What would a look at Google and the future be without discussing Google Glass, that tiny, wearable computer that clips onto your eyeglass frame? I didn’t get to try it, but did watch a demonstration, which helped me understand both the “what” and “why” of this technology. Glass is an attempt to address two paradoxical problems: We tend to walk around with our faces glued to our phones, while at the same time, we’ve all wished we could get to our phones–the camera, especially–quicker, before missing that unique moment. Glass sits just above your field of vision and is controlled by a swipe or tap of your finger, and significantly, your voice. Record a video, snap a picture, get step-by-step directions as you walk, send an email, all without breaking stride or burying your face in a phone. Imagine being able to actually capture your child’s first steps on video–while also being there to catch her when she stumbles.
Will it catch on? Only time will tell. Now, how about the self-driving car?
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Thursday, May 16th, 2013
Child Care Centers Overhaul Proposed By Federal Health Officials
Federal health officials say they will propose Thursday to overhaul federally funded child care centers across the country, beefing up safety standards including background and fingerprint checks for employees and requiring states to better monitor the facilities. (via Huffington Post)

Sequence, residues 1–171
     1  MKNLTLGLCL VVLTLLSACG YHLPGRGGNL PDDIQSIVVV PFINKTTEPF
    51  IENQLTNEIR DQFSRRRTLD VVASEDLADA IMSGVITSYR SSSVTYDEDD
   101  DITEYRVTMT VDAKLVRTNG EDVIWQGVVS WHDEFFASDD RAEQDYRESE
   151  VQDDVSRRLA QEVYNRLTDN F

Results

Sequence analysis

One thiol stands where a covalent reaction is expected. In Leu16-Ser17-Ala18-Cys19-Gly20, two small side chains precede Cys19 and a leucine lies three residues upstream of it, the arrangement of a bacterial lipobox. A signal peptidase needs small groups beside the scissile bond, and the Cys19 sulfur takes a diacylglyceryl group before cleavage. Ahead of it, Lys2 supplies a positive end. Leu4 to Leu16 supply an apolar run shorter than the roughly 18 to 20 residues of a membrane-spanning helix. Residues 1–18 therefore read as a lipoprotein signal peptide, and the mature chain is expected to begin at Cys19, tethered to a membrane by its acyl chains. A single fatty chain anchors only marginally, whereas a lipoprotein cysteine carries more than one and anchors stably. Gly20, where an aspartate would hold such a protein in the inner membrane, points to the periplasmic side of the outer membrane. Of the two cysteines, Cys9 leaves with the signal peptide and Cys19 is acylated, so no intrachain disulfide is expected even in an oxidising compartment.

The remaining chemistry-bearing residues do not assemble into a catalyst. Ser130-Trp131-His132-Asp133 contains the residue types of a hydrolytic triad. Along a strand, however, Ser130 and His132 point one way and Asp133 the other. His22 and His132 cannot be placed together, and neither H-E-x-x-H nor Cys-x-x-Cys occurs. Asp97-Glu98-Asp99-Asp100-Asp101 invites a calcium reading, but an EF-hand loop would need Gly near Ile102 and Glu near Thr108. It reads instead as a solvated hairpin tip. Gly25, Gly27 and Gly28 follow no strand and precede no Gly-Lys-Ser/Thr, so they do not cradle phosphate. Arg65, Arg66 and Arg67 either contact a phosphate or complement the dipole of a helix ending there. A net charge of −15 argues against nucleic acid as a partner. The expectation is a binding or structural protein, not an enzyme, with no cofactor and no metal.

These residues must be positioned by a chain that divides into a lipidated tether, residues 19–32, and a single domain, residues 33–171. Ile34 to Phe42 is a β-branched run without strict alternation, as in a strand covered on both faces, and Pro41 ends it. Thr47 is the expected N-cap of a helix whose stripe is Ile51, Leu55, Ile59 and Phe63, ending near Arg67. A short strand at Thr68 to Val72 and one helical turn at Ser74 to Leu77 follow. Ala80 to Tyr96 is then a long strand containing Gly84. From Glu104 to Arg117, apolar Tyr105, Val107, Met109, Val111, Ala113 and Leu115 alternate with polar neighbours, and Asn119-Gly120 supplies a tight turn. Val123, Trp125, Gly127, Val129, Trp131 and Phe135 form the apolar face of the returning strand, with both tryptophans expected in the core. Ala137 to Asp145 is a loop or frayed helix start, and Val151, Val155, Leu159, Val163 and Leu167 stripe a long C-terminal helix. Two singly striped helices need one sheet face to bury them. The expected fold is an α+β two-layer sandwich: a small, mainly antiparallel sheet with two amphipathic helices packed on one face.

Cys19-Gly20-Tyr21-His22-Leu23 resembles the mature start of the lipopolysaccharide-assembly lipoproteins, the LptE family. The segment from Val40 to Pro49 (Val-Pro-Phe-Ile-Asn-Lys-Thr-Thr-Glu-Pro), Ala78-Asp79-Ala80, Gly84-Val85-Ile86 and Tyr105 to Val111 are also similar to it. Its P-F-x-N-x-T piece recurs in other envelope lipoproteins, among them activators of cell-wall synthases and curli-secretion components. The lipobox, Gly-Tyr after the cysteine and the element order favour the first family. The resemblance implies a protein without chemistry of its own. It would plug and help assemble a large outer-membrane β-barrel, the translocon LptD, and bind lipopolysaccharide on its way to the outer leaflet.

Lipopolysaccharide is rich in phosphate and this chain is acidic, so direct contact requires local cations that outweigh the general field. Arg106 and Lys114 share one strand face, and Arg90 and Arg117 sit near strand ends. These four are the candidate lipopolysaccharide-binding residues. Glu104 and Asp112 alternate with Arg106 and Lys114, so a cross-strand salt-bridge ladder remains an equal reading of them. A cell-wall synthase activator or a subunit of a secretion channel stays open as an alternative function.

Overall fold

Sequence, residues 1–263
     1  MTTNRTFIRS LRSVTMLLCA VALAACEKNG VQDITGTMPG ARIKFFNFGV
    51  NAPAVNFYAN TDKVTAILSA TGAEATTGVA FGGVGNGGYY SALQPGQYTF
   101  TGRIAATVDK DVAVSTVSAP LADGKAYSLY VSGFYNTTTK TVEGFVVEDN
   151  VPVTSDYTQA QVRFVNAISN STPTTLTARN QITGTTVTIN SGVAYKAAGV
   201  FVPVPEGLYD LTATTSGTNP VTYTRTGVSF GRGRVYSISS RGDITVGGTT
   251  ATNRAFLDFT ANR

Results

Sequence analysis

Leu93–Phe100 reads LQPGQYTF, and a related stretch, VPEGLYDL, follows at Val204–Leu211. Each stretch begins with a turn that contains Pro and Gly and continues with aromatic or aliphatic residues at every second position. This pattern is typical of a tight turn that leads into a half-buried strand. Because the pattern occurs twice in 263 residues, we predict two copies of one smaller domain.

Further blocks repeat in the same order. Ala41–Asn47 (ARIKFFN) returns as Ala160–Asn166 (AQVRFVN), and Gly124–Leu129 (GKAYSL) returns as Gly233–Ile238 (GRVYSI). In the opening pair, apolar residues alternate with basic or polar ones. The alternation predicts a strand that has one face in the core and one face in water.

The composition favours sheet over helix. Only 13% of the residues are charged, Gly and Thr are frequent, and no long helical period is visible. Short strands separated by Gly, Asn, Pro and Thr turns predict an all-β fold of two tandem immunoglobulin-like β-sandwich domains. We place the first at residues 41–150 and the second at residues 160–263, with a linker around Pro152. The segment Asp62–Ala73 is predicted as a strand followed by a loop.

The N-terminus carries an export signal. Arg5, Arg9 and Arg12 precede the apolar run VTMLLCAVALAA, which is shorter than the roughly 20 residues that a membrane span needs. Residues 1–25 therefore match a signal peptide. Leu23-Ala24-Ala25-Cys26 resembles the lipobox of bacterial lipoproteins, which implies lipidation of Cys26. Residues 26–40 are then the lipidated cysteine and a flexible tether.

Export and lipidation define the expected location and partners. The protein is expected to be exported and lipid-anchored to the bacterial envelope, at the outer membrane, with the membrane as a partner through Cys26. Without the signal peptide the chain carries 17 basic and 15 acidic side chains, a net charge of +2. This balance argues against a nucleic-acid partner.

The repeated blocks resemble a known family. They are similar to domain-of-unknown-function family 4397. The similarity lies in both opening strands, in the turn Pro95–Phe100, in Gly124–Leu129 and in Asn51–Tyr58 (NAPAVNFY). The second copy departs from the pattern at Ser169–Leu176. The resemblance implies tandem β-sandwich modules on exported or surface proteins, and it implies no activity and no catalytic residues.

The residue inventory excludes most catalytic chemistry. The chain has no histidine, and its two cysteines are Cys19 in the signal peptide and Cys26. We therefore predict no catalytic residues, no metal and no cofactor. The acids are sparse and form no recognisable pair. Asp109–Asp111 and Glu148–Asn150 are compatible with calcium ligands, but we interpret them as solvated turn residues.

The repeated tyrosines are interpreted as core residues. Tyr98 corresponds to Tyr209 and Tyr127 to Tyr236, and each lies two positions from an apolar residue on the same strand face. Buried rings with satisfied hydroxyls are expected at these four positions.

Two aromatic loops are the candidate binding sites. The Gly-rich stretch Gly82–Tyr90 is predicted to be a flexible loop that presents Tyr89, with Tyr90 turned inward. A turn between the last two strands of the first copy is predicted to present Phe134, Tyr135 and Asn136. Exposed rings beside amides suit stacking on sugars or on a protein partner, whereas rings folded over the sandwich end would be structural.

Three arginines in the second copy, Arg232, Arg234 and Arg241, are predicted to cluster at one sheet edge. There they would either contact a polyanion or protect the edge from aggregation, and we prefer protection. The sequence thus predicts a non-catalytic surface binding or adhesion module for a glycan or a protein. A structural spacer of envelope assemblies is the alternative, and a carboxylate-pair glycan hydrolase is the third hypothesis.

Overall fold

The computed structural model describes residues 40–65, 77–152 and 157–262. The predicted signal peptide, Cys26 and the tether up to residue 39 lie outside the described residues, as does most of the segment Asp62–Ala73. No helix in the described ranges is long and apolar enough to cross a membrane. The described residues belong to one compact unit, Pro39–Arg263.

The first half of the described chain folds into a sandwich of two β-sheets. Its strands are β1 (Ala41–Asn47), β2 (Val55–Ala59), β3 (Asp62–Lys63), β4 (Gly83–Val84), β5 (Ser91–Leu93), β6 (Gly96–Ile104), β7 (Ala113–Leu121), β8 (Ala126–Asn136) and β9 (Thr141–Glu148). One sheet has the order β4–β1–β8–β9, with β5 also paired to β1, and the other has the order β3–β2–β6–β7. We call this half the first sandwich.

Slightly high lead tied to less reading readiness
Children with even slightly elevated blood lead levels are less likely to be ready to read when starting kindergarten, according to a new study. (via Reuters)
Cracking the Tech Job Talent Crunch by Teaching Kids to Code
For all the parents losing sleep over their kids’ prospects in such a tightfisted job market, I can see at least one recourse: teach them how to code. The earlier, the better.(via Huffington Post)
Judge declines to nix ’79 NYC child-killing case
A man charged with murder decades after one of the nation’s most infamous child disappearances can be brought to trial, a judge ruled Wednesday, turning down the man’s claim that the case was too thin to proceed. (via Yahoo News)
Pop-Tart Gun Suspension: Attorney For Suspended Student Says No Resolution Has Been Reached With School
An attorney for the family of an Anne Arundel County 7-year-old suspended from school after being accused of nibbling a pastry into the shape of a gun says he met with school officials Wednesday in an attempt have the student’s suspension expunged, but no resolution was reached. (via Reuters)
Parents sue South Carolina, hospital over child’s sex assignment surgery
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A couple filed a lawsuit Tuesday against the state of South Carolina for what they say was an unnecessary sexual assignment surgery performed on a toddler they later adopted. (via Fox News)